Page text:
So in 2004, he started the Chris Klug Foundation with the goal of promoting life-saving donations and helping improve the quality of life for donors, recipients and transplant candidates.

"In 2009 we hosted 75 events around the country – [called] Donor Dudes events – which is a program that we started on high school and college campuses, really to promote donation and encourage young people to share their decision and make sure they know the facts about donation," he added.

Klug held another Donor Dudes event at the recent Winter X Games which were held this year in his hometown of Aspen, Colorado.

Chris Klug has had other challenges in his career. He believes he was wrongly denied a place on the 2006 U.S. Olympic team for the Turin Winter Games. And even though he won at the national championships last year, the U.S. Ski and Snowboard Association decided not to fund him anymore. So he formed his own team with three others and solicited his own sponsors. And he successfully made it through qualifying this season to make it on the U.S. Team for Vancouver.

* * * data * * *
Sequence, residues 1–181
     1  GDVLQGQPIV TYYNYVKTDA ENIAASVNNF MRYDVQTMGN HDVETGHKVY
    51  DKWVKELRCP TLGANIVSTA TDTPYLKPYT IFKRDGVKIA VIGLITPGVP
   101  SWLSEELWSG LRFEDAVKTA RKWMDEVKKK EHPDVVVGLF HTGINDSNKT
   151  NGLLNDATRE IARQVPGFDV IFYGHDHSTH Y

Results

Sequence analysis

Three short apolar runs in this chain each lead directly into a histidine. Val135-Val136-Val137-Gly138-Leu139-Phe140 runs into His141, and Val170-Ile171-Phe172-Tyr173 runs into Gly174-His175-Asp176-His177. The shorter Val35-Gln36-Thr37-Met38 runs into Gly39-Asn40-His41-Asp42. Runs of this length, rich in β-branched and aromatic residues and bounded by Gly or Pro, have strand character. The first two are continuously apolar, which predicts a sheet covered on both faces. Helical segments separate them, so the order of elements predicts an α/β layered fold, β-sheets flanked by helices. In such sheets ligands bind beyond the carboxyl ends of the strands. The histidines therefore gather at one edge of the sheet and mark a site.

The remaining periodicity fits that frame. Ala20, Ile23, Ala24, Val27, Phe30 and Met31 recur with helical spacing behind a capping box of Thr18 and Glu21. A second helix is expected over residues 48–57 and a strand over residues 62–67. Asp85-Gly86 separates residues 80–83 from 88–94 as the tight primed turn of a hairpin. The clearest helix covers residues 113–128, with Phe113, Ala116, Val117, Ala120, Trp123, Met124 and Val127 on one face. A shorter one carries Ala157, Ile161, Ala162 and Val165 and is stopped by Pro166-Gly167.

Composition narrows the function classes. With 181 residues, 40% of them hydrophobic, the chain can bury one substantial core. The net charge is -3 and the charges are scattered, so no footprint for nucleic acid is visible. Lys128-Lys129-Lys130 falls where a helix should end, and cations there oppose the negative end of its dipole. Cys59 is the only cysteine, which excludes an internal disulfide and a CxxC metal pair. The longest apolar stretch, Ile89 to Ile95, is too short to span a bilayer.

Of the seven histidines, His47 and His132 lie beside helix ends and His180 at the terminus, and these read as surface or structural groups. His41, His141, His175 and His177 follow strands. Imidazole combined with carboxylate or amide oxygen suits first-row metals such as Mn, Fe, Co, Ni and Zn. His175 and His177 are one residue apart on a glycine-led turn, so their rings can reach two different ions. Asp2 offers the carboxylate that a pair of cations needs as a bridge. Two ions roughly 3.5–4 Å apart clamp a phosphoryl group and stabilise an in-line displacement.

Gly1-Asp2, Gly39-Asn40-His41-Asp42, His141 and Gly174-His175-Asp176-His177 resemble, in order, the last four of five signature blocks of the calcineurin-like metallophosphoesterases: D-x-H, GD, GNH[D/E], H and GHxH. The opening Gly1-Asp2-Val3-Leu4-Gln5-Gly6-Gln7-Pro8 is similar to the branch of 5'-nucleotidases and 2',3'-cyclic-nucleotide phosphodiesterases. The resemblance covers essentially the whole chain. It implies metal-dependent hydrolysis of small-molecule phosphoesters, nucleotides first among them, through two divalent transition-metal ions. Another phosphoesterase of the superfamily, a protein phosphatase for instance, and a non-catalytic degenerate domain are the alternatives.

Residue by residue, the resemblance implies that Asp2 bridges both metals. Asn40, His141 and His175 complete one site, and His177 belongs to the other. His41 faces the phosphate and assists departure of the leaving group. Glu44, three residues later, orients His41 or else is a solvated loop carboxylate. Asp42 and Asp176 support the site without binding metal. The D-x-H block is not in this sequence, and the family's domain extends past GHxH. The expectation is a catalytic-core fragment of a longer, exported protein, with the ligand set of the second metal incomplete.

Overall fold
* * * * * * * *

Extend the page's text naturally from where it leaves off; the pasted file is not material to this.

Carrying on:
On Saturday, Klug will compete in the men's parallel giant slalom snowboard event. He is fairly certain this is his final Olympics, so he has been relishing the experience. "That's been my mantra all season, just enjoy the ride. Mainly partly because of knowing this is probably my last competitive season, and then maybe for missing out in 2006, you know I really wanted to savor every moment in this," said Klug.